Melbourne Town Hall
Mon 8th -Sat 20th, August 12-6pm.
Commissioned by City of Melbourne to re-purpose hundreds of the famed Love Locks that were removed from a Southgate Bridge last year. The locks have been threaded into a weighty necklace that references the relationship between the love lock phenomenon and a similar devotional object from Australia's unique convict history.
Devotion (Lock and Coin Necklace)
Devotion threads references to a history of metal objects exchanged as symbols of love. The necklace makes an association between the modern Love Lock ritual and a uniquely Australian history of Convict Love Tokens.
The Love Tokens were pennies that convicts would engrave with messages of devotion, prayers and farewells. Often the coins were threaded onto ribbon for loved ones to wear around their necks.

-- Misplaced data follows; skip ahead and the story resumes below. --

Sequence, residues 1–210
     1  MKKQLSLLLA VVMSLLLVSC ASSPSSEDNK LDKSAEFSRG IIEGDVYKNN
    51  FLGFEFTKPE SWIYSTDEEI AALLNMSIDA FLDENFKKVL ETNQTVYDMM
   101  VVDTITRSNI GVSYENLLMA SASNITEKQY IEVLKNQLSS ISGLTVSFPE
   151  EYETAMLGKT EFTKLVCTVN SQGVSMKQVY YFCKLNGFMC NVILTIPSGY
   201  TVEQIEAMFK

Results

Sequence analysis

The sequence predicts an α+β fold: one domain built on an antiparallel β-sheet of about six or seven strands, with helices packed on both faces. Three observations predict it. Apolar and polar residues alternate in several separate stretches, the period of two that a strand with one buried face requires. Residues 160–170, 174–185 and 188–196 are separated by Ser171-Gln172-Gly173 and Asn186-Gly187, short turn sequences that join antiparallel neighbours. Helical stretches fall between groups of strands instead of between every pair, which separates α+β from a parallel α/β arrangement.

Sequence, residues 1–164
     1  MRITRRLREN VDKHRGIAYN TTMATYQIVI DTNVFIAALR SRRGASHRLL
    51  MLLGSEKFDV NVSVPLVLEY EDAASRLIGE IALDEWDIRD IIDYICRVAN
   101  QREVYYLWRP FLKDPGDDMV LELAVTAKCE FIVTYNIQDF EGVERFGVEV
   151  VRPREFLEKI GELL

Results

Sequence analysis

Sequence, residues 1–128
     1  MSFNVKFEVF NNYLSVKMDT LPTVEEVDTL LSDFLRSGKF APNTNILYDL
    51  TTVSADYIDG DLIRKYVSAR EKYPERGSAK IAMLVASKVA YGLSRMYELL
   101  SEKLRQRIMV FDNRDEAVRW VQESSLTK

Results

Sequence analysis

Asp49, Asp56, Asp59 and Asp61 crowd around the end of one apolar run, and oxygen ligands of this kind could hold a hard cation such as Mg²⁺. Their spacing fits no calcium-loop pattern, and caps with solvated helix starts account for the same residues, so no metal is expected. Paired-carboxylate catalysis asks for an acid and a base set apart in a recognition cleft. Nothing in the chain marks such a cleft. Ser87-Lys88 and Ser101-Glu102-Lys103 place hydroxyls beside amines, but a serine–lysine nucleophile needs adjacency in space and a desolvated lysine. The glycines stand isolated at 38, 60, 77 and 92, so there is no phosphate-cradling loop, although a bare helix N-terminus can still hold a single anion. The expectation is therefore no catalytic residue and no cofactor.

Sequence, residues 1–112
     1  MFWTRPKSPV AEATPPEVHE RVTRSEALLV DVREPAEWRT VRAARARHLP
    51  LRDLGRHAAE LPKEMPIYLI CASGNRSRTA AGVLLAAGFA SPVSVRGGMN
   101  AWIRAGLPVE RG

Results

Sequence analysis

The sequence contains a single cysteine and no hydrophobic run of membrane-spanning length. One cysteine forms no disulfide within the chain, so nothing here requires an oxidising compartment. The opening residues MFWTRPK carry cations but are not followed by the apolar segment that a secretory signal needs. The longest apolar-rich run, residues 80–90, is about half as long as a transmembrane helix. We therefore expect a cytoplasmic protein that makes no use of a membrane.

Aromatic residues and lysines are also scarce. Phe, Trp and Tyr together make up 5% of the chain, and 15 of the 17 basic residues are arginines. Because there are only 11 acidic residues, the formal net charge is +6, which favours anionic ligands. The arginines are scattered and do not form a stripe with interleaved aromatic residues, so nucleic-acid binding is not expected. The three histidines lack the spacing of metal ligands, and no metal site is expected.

Devotion is an extremely large necklace constructed from hundreds of the engraved padlocks. Scattered throughout the necklace are brass coins, cast from the original padlocks. The coins are engraved with significant love quotes. The act of collecting the quotes from the public pays homage to the public ritual of clipping a lock to a municipal structure.
Conversely to the locks, which are personal gestures subversively attached to public structures. The Convict Coins were currency, deliberately taken from circulation, defaced, engraved and exchanged with loved ones to be worn privately and intimately.
Reading the script on each lock gives us an intimate window into the sentiment between couples across Melbourne. While exploring the text on the coins, reveals a broader cultural overview of the myriad of ways we view and experience love.
The necklace is heavy and perhaps conveys some of the enormity of the sentiment behind the Love Lock movement. But its scale and weight also speaks to the powerful social heritage of the metal object exchanged between people as a symbol of an intangible, ethereal and sometimes hard to define emotion: love.